Multi-bar Chart: 

Visualize a specific PPI in a as-is and a to-be situation or how they compare to each other or how they are distributed (example: regional). It should be used for 2 up to 4 PPIs. 


Regarding the reporting of PPIs and KPIs dashboards are a great opportunity of presenting the relevant information in a concentrated and transparent way to management levels. It is important to implement possibilities of quickly changing the reported information dimensions as well as being able to drill-down in specific information areas. Of course, there is a difference between reporting and analyzing information. Reports portray decision relevant information out of reckless databases in a consolidated form the possibility. The exchange of each reported dimension (PPI) within the report should be possible (multi-dimensional). Process Analysis in difference to reporting allows the possibility of analyzing to the point the reasons of success or failure of specific PPIs. It is possible to directly detect bottle-necks within a process or which possible variations within a process are mostly followed by the users.


All these necessary steps from defining PPIs until the implementation in reports and dashboards can be related to the four phases (Analyze, Design, Implement, Run/Monitor) of the Process Management Lifecycle (PML). Therefore, the following graphic shows a PPI work-stream from the definition of PPIs until the implementation in reports in order to monitor them. 

PML link

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  1. Marilyn Pratt
    Enjoyed reading this and would recommend partnering with some of the community folks in Business KPIs (Nadim Razvi) and the BPX community project, to take your methodologies and generate models of practical application. 
    One small critique: the graphic texts are too small to be readable and useful.  Pehaps migrating some of the graphcis and examples to the wiki would be helpful.
    1. Dirk Neudert Post author
      Hello Marilyn,

      thanks for your comment and interest. Of course I’m open for partnering and would recommend to invite Susanne Ognibeni as well.

      Yes, you’re right regarding the graphic. Unfortunately the possibilities for graphics are quite limited in this forum. We’ve decided to use the wiki as well.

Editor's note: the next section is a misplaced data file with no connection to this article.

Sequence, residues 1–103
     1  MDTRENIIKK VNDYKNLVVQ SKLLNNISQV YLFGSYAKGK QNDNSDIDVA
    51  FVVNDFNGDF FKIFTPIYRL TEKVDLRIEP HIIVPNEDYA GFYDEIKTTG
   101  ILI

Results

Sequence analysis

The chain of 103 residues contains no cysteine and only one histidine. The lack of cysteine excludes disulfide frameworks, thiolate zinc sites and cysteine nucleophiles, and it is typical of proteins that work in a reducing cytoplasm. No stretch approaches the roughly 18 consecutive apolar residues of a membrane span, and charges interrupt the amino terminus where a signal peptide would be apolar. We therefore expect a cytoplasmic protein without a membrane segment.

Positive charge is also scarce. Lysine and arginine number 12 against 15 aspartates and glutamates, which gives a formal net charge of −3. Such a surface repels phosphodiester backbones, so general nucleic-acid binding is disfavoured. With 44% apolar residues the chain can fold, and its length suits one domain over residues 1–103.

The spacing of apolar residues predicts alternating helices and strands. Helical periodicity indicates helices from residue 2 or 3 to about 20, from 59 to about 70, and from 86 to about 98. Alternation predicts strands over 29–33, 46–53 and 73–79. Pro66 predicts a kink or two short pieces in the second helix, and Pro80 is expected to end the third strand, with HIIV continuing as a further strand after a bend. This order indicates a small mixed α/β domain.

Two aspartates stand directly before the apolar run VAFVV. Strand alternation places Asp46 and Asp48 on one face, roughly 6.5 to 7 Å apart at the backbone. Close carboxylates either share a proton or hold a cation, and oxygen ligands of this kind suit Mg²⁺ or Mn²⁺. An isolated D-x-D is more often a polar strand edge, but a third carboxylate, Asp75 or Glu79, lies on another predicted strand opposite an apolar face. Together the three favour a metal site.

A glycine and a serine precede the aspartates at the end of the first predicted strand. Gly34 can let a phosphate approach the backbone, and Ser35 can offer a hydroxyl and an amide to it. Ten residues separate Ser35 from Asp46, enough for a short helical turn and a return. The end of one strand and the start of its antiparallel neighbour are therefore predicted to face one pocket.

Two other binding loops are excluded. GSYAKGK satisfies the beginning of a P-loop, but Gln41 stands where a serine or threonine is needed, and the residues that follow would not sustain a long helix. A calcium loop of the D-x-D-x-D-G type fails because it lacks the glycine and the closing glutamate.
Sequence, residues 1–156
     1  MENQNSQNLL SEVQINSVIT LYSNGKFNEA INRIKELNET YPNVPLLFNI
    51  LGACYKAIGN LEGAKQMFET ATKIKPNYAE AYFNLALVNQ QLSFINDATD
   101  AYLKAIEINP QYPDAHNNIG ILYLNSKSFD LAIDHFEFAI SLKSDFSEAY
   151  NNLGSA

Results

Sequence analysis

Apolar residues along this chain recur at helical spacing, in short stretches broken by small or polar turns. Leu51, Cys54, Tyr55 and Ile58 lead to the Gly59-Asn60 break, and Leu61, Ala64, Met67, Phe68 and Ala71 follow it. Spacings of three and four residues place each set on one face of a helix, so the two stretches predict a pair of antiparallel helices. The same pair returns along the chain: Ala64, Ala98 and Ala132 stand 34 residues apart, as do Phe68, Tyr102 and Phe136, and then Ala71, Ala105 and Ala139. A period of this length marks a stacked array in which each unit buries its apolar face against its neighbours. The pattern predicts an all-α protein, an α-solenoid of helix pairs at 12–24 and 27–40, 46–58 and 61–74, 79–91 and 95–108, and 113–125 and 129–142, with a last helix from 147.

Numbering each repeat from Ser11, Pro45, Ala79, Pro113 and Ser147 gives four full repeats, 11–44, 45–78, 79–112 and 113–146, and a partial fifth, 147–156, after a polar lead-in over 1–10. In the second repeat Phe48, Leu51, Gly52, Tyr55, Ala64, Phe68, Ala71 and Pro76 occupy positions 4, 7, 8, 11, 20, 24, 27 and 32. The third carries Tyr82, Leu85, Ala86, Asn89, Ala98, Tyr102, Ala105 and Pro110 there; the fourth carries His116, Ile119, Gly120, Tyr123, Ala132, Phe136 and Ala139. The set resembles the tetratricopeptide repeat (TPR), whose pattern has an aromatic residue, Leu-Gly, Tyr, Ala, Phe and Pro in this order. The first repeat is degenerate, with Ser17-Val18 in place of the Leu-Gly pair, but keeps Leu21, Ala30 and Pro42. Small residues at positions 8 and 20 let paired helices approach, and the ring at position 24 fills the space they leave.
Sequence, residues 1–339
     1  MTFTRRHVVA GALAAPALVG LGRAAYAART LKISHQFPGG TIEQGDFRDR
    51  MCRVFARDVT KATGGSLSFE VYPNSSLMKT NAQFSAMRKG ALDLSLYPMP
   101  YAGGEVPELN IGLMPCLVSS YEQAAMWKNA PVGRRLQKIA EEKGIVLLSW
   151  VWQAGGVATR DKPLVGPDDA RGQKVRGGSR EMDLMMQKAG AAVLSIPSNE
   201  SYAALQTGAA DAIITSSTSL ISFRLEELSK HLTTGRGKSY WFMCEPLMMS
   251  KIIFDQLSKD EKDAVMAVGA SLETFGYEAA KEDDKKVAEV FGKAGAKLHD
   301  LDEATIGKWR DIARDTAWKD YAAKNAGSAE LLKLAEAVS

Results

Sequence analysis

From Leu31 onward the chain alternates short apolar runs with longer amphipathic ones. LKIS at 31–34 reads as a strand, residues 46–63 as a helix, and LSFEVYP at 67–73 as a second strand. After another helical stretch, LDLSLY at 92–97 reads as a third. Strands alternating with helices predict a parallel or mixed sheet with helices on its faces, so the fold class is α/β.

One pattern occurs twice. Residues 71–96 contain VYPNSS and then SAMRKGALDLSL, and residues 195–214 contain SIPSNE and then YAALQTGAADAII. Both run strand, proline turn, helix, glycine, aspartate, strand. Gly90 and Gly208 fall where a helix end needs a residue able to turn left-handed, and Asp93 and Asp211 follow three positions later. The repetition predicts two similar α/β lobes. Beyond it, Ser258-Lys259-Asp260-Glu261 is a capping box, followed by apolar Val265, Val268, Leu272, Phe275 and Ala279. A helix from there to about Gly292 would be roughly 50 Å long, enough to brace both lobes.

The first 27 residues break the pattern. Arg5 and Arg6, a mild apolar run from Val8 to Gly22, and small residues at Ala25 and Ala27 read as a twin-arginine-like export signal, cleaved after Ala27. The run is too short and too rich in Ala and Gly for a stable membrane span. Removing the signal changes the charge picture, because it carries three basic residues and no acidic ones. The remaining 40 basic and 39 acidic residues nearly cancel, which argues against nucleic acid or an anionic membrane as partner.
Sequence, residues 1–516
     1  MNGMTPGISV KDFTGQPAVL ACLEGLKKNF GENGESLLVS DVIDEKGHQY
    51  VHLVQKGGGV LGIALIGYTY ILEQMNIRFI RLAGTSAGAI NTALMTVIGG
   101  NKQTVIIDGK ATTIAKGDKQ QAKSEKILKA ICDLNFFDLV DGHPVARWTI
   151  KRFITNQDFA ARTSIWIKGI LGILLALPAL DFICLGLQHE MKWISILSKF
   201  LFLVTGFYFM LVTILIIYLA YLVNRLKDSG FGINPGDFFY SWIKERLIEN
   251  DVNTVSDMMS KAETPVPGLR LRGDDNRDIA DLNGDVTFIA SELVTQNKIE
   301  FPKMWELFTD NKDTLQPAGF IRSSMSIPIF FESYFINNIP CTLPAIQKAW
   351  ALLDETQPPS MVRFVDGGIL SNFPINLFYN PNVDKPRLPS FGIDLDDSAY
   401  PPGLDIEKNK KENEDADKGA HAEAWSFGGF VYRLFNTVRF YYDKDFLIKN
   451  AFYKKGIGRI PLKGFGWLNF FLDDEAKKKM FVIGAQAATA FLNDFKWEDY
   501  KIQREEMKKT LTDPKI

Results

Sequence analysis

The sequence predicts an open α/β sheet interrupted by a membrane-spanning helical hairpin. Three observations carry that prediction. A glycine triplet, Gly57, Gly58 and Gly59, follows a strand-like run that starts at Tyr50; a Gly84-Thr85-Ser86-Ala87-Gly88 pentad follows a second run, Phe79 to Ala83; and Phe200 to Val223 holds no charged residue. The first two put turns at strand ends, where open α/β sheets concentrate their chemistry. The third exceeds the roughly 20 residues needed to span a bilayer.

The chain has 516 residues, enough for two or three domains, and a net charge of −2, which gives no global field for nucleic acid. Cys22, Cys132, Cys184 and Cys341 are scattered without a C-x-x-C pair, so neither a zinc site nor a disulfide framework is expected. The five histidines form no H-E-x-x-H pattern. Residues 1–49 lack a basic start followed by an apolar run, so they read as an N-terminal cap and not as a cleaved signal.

2. Richard Hirsch
      Hi, I’ve been working with Nadim in the Community Project and we have created a series of blogs dealing with KPI usage. I ‘ve been thinking about creating a series scripts on the development of a dashbaord for the application to view his KPIs. Maybe you’d be interested to work with us. 

      If you are interested, just send me an email.


      1. Dirk Neudert Post author
        Hello Richard,

        after coming back from holiday I’ve read your comment with great interest. Of course I’m interested in working together with you on this kind of development. Just give me your ideas or input in supporting you during this process.

        Kind regards

  2. Mario Herger
    …but the majority of the chart-types displayed in this blog are simply worst-practice. I recommend the read Edward Tufte’s books about Visualization of quantitative data, as well as the term “non-data ink” and especially his comment of pie-charts (“the worst type of visualization”) and 3D-charts.
    Check also out his website, where a large community will give you a big insight into the understanding of data and proper visualization. We should follow these guidelines.

    A small essay about this can be found in the SDN WIKI “Smart Information Transfer” (or short: SIT) under:

    My thanks go to my colleague Robert L. pointing out the unfortunate examples of this blog…

    1. Dirk Neudert Post author
      Hello Mario,

      after coming back from holiday I really appreciate your comments about the visualization. Of course the idea of the blog was to get your feedback and your suggestions for improvement. Therefore I will have a look at the link you’ve mentioned and will come up with an update of the blog asap.

      Kind regards